Support the news
The Mashpee Wampanoag tribe is circulating a new legal brief on Beacon Hill, which argues that Governor Patrick has the power to negotiate a casino deal with the tribe — without the initial approval of lawmakers.
The tribe commissioned the legal brief from a University of Michigan law professor in order to determine their legal rights as they move forward with their plans to potentially build a $1 billion casino in southeastern Massachusetts.
The brief further complicates the already murky political waters about expanding gambling in Massachusetts, with many elected officials offering hesitant responses to the brief's analysis of state and federal law.
Attorney General Martha Coakley tells the Boston Globe the issue of Indian gaming remains "uncharted territory" in the state.
But one thing the brief does argue that will likely ruffle feathers on Beacon Hill is the suggestion that the Mashpee can go over the head of the state legislature, which has historically opposed expanding state gambling, and appeal directly to the governor.
According to the analysis by University of Michigan professor Richard Primus, the legislature would no longer be the gatekeeper for building casinos, but could draft and pass legislation that could shoot down any deal Patrick and the tribe devise.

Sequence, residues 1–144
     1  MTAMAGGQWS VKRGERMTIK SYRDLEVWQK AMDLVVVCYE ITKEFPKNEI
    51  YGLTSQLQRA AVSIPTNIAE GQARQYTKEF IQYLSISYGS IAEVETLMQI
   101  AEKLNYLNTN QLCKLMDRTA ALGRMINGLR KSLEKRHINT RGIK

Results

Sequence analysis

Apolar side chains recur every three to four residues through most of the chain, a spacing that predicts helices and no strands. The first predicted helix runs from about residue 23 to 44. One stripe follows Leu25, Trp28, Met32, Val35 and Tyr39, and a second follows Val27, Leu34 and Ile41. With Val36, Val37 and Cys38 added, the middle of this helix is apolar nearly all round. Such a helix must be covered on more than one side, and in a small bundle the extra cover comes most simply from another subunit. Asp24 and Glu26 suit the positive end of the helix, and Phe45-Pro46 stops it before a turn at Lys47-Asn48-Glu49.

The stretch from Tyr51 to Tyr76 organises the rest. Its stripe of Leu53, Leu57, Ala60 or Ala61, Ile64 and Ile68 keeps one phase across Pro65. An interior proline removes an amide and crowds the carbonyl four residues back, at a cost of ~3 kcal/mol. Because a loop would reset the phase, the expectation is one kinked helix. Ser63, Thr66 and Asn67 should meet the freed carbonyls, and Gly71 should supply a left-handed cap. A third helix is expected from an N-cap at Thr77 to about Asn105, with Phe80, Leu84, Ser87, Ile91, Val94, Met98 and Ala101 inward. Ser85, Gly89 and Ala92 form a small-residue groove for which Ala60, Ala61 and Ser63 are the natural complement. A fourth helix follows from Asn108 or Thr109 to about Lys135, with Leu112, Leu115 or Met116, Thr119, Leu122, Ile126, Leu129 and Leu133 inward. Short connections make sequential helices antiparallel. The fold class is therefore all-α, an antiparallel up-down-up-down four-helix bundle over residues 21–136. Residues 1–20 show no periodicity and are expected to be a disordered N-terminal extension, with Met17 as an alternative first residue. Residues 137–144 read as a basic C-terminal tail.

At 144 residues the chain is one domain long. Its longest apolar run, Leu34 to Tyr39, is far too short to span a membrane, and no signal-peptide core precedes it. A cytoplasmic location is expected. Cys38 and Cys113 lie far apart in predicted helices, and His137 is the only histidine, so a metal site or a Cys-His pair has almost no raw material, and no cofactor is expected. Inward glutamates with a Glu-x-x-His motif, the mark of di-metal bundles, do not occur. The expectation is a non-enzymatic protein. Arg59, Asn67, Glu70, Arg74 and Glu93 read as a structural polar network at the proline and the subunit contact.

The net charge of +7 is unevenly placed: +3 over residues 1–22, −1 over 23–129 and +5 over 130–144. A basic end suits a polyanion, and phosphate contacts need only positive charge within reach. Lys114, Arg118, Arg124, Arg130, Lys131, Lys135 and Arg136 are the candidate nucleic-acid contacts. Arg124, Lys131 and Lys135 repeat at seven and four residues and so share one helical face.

When asked about the brief, tribe spokesman Scott Ferson says this is a preliminary analysis by one legal expert, and the tribe will seek additional perspectives of the casino issue going forward.
"I think it's reasonable to want to go out and find out what legal scholars might think about what's possible," said Fersom. "The tribe is interested in knowing what the correct answer is."
Meantime, the Boston Herald is reporting today that the same developers who bankrolled Connecticut's Mohegan Sun Casino are offering the Mashpee tribe an infusion of cash for developing a casino here.
Sol Kerzner, and Len Wolman are teaming up with Starwood International to help fund a prospective casino site south of Boston.
This program aired on June 6, 2007. The audio for this program is not available.
Support the news